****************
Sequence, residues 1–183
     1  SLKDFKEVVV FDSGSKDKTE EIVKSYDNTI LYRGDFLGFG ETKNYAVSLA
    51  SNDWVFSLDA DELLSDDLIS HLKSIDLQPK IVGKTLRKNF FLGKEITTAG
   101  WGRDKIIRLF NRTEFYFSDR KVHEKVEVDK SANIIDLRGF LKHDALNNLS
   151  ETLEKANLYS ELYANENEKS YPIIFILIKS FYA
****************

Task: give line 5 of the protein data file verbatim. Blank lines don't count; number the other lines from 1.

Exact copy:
   151  ETLEKANLYS ELYANENEKS YPIIFILIKS FYA